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Hartnett: Sorry Devils Fans, Parise Belongs In Minnesota

Parise: "The Opportunity To Play At Home, It Really Meant A Lot To Me."
Zach Parise and Ryan Suter (Photo courtesy of Minnesota Wild.)

Zach Parise and Ryan Suter (Photo courtesy of Minnesota Wild.)

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By Sean Hartnett
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Since free agency began on July 1st, the hockey world knocked on Zach Parise’s door.

The Pittsburgh Penguins, Detroit Red Wings, Philadelphia Flyers and defending Stanley Cup champion Los Angeles Kings all made their pitches, but didn’t have a realistic shot at signing Parise.

His decision wasn’t about top-dollar, it wasn’t about any guarantees of immediate success.  Parise’s decision came down to choosing between remaining in his adopted home of New Jersey or returning to his native and spiritual home of Minnesota.

Parise followed his hockey soul back to ‘The State of Hockey.’  That’s truly what it was about.  It’s about reconnecting his hockey roots and being close his family.

“The opportunity to play at home, it really meant a lot to me,” Parise explained.  “It meant a lot to my family.  I grew up here, I love coming back here in the summers and I thought, it would be great to be around here year-round.”

Zach is now able visit his parents’ home in Prior Lake as often as he desires.  He’s set to marry his fiancée Alisha later this month and will one day raise his family in Minnesota where hockey is king.  Once he becomes a father, his children will have advantage of playing hockey as often as they wish.  You can’t do that in New Jersey, where there is a shortage of rinks and lack of organization at youth level.

It’s an entirely different lifestyle compared to the fast-paced New York/New Jersey metropolitan area.  Minnesota offers the opportunity to enjoy swimming and fishing in pristine lakes that only — ‘The Land of 10,000 Lakes’ can offer.

Once he finished his Wednesday conference call, Parise told reporters, “I’ll be going right in the lake after this is over.  Shutting my phone off.”

Along with the comforts of home, Parise has what it takes to raise the profile of the Wild and help build a winning NHL tradition that hockey-rabid Minnesotans have always desired and deserved.

In 1993, the Minnesota North Stars moved to Dallas.  Parise was a 9-year-old and probably was deeply heartbroken when the North Stars was forced to relocate because they couldn’t secure a new, revenue-pumping arena.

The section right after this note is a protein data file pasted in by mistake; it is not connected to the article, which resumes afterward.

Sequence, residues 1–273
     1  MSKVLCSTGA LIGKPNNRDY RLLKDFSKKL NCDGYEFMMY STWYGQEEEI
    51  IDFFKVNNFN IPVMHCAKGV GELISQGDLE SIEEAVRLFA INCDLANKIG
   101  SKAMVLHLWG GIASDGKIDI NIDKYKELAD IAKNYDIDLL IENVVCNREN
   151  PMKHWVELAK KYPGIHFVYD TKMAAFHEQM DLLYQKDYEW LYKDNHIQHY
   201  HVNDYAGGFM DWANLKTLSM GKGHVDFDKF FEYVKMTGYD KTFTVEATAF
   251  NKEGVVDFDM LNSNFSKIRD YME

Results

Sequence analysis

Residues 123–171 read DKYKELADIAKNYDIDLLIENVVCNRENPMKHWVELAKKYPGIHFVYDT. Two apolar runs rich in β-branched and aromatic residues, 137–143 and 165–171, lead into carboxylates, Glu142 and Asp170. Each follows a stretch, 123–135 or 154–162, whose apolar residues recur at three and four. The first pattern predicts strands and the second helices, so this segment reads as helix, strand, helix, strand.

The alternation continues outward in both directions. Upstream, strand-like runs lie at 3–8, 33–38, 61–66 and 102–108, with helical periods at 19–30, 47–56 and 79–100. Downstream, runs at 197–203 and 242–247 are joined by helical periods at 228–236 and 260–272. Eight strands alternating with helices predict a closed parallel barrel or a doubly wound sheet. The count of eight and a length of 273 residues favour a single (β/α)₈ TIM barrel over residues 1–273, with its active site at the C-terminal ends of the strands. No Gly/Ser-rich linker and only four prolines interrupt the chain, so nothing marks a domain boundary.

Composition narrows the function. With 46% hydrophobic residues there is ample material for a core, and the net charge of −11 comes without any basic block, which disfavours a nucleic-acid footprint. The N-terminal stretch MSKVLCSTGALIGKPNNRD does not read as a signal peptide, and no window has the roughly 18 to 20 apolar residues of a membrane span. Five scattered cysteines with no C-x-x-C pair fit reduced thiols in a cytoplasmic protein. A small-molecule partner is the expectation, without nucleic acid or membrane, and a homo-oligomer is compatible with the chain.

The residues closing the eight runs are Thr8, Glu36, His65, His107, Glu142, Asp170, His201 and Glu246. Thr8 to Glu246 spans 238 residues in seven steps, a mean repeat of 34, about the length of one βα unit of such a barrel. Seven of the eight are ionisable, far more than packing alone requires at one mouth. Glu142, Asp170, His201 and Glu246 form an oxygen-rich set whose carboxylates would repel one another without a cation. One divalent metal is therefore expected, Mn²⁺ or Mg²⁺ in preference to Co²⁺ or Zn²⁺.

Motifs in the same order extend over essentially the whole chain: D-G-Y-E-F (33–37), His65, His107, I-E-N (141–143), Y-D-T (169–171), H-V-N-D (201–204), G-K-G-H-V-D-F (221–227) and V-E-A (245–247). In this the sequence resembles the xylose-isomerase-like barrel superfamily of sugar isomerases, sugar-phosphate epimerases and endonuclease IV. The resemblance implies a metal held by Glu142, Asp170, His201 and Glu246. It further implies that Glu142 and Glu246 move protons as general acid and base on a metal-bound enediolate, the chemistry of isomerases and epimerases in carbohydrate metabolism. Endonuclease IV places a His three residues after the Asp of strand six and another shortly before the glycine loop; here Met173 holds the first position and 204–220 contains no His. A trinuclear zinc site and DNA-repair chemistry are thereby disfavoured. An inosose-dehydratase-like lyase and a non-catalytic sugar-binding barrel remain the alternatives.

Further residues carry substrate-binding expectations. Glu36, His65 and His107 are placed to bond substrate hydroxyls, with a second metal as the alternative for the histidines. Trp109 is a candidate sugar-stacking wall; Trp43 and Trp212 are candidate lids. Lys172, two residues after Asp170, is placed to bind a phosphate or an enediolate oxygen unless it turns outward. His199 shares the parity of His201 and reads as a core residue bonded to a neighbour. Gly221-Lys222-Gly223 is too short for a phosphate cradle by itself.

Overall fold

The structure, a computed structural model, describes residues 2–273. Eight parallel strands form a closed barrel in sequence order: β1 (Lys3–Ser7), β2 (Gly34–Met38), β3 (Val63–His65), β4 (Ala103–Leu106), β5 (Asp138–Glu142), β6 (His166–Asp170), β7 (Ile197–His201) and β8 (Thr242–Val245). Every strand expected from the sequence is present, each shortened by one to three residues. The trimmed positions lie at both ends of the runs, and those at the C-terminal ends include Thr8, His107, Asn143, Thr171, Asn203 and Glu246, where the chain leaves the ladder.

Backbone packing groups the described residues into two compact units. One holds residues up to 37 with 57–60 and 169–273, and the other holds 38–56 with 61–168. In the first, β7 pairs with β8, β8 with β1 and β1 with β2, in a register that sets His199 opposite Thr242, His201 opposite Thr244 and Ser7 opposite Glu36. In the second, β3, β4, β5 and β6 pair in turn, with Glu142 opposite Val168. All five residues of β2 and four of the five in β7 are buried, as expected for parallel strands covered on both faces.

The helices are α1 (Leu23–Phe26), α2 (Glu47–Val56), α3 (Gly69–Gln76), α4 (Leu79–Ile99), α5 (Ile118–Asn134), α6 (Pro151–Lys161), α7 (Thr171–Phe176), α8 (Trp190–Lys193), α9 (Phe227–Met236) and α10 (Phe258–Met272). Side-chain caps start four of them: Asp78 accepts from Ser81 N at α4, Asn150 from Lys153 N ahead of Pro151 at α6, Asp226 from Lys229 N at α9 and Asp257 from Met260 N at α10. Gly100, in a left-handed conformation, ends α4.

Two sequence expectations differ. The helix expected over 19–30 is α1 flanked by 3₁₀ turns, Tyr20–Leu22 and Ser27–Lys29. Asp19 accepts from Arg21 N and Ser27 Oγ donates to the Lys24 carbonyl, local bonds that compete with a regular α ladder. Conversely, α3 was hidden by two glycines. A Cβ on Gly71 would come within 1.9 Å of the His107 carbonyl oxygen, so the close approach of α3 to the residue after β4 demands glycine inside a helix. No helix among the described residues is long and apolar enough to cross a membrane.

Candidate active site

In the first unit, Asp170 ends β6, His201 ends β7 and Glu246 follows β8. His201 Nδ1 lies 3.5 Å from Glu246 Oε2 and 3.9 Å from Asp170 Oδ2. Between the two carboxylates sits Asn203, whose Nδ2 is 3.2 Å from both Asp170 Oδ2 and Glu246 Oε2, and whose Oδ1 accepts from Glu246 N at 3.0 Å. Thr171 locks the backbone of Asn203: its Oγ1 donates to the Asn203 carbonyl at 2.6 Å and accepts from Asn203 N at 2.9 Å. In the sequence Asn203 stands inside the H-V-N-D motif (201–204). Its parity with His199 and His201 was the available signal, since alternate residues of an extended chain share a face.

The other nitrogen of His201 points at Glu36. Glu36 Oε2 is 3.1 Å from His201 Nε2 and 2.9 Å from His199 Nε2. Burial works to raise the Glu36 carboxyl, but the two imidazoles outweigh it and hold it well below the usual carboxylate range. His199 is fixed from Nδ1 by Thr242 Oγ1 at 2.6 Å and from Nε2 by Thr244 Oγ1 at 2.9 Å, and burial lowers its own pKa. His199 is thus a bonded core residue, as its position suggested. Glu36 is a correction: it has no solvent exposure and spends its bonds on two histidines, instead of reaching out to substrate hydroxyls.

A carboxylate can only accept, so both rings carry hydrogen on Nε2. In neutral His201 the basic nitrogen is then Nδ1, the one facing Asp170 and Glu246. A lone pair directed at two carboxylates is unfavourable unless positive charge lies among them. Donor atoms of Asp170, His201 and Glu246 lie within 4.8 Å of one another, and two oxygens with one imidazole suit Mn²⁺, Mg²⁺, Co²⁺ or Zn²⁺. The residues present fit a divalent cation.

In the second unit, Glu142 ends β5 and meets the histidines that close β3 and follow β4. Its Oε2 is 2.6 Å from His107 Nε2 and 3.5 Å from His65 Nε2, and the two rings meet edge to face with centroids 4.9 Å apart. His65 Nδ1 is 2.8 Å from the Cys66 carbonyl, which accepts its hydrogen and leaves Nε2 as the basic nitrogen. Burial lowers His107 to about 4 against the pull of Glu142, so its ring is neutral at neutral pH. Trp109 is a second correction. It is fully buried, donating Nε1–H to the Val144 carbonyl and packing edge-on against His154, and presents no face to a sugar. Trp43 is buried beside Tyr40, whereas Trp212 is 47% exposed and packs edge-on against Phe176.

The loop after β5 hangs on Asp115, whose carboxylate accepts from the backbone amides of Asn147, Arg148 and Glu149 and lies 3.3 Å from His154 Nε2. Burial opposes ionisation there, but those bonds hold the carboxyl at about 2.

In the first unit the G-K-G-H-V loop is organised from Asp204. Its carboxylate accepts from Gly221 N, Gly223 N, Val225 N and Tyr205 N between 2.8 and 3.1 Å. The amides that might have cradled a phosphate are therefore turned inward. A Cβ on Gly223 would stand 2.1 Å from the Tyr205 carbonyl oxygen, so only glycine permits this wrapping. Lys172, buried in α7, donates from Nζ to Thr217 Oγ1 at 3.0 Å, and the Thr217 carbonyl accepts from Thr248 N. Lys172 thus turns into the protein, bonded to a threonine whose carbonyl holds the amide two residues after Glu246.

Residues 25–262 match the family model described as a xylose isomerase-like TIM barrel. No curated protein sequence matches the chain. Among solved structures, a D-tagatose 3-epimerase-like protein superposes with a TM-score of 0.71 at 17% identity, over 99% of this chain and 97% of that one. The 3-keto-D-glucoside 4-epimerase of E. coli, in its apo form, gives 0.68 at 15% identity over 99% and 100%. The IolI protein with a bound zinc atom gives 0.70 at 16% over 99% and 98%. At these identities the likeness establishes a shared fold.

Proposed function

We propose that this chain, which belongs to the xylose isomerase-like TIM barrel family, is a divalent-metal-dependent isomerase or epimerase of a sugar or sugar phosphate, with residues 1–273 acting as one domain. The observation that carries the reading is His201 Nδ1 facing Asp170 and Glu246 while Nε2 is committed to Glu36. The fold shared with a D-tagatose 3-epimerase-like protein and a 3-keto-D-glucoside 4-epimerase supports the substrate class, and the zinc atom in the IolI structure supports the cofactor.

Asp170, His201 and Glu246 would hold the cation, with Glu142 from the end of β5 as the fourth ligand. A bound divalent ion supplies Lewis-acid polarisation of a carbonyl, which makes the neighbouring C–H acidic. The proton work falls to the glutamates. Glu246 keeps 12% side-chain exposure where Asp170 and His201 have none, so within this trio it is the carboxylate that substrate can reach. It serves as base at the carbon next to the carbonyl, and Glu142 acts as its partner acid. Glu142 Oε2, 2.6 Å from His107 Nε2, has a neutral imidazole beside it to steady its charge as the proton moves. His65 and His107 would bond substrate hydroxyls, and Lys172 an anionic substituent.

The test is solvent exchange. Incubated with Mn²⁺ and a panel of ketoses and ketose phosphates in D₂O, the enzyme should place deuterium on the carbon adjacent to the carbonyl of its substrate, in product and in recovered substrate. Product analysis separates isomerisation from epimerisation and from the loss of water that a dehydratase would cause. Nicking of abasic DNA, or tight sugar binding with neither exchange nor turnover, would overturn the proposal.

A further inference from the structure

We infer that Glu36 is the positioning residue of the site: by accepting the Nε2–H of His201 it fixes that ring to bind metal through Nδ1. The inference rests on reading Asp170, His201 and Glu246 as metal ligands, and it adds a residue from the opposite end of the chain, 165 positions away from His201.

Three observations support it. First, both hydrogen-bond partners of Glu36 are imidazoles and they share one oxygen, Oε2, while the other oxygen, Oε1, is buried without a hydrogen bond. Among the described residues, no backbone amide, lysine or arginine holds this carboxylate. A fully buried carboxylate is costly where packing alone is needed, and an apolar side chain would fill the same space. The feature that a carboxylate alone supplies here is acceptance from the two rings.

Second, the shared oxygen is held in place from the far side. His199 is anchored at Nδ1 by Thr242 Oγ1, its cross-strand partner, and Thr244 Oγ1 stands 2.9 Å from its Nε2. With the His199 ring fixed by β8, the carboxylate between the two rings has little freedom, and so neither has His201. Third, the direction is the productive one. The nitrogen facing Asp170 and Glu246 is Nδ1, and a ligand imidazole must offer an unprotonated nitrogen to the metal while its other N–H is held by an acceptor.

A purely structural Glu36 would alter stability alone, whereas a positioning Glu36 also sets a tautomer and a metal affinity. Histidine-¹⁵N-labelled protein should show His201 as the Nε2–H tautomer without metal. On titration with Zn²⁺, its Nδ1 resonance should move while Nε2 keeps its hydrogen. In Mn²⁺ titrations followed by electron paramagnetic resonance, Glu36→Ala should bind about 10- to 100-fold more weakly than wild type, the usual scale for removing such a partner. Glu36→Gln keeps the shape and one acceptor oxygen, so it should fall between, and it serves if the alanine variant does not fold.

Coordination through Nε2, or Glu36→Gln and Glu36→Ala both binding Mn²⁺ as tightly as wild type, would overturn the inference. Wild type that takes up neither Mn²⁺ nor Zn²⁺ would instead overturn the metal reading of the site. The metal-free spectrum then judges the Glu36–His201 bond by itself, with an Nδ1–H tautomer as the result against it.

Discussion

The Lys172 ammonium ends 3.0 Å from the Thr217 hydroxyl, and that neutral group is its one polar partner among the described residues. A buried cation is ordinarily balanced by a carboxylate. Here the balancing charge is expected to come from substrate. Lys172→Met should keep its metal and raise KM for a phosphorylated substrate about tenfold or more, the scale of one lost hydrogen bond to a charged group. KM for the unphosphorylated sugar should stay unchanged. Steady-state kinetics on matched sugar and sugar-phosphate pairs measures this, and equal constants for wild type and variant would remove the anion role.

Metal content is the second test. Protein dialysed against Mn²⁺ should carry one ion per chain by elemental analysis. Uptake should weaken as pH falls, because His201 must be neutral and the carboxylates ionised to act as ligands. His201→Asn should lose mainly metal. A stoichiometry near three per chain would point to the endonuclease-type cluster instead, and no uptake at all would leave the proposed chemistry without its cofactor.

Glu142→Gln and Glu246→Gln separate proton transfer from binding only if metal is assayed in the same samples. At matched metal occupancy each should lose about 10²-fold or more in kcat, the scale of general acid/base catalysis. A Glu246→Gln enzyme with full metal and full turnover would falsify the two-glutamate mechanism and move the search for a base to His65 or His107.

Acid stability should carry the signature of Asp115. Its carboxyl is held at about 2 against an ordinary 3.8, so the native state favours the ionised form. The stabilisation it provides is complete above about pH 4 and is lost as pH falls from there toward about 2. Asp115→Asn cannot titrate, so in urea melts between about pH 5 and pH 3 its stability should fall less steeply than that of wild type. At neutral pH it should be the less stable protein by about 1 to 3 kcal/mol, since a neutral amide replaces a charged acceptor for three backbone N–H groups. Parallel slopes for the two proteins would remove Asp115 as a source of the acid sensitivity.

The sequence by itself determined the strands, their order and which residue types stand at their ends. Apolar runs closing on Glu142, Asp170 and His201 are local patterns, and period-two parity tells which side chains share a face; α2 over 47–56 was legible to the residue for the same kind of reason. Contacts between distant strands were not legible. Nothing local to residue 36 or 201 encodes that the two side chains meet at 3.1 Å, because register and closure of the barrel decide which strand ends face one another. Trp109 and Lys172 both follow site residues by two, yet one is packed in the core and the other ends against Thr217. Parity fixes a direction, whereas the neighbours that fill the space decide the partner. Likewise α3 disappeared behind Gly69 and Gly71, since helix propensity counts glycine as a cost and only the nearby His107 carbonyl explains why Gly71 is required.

After becoming an expansion team in 2000, the Minnesota Wild are just beginning to establish their reputation in the NHL.  Hours after Parise and fellow top free agent Ryan Suter signed, the Wild sold roughly 700 tickets.

With no disrespect to talented captain Mikko Koivu, scoring ace Dany Heatley and other skilled players in the Wild locker room, the Minnesota Wild now have a face in Parise, a local superstar fans can hang their hat upon.

“This is like Gretzky going to L.A., Malkin and Crosby going to Pittsburgh,” Neil Sheehy, Suter’s agent told Michael Russo of the Twin Cities Star Tributne. “It’s a game-changer. It’s huge. It’s major league-type stuff. The Wild just got two of the best players in the league at their positions.”

Parise spoke on Sunday about the pull to play in his home state.

“I always hoped it.  Every kid that’s growing up in Minnesota would love to play for the Wild.  That’s the way it is.  I was hoping to have that opportunity and right now, I’m lucky that we were able to make it happen,” he said enthusiastically.

Let’s also get this straight… Parise did not turn his back on the New Jersey Devils.  He’s not a mercenary or a sell-out.  He even turned down the Pittsburgh Penguins after Sidney Crosby attempted to convince Parise join the Penguins and form a Miami Heat-like trio of superstars along with Evgeni Malkin.

Parise revealed that spoke with Devils’ General Manager Lou Lamoriello three-to-four times a day during the process.

“At the end, it came between New Jersey and Minnesota.  I’m a loyal person, I love playing there,” Parise stated.

He went into the further detail about the decision process, “It was very hard.  I loved playing in New Jersey.  It’s a first-class organization.  I can’t say enough about Lou, and the staff, and my teammates.  They treat their players great.  It was very, very hard to leave.”

Lamoriello was always a mentor to Parise and they’ve always had a close relationship.  That isn’t going to change now that he’s left the organization he was drafted by in 2003.

“The conversation with Lou went very well.  He was very supportive.  We were up-front and honest throughout this whole process.  We have a great relationship,” Parise said.

There’s no way to soften the blow of losing Parise.  It’s a huge loss for the Devils both on the ice and off-ice.  He’s an unbelievably gifted two-way forward such a great ambassador for the game of hockey.

Since making his NHL debut in 2005, Parise represented the Devils in a first-class way.  Commitment, a never-ending work ethic, respect to his coaching staff, respect to the media, a humble attitude despite being one the game’s biggest stars — all trademarks Parise will bring to the Wild locker room.

His new teammates in Minnesota will pick up great habits by observing the way Parise goes about his business.

Losing Parise is a tough pill to swallow for the Devils’ organization and their fan base, but a huge gain for Minnesota hockey.

Devils fans — Are you wishing Parise luck in Minnesota?  Share your thoughts below and send your tweets to @HartnettWFAN.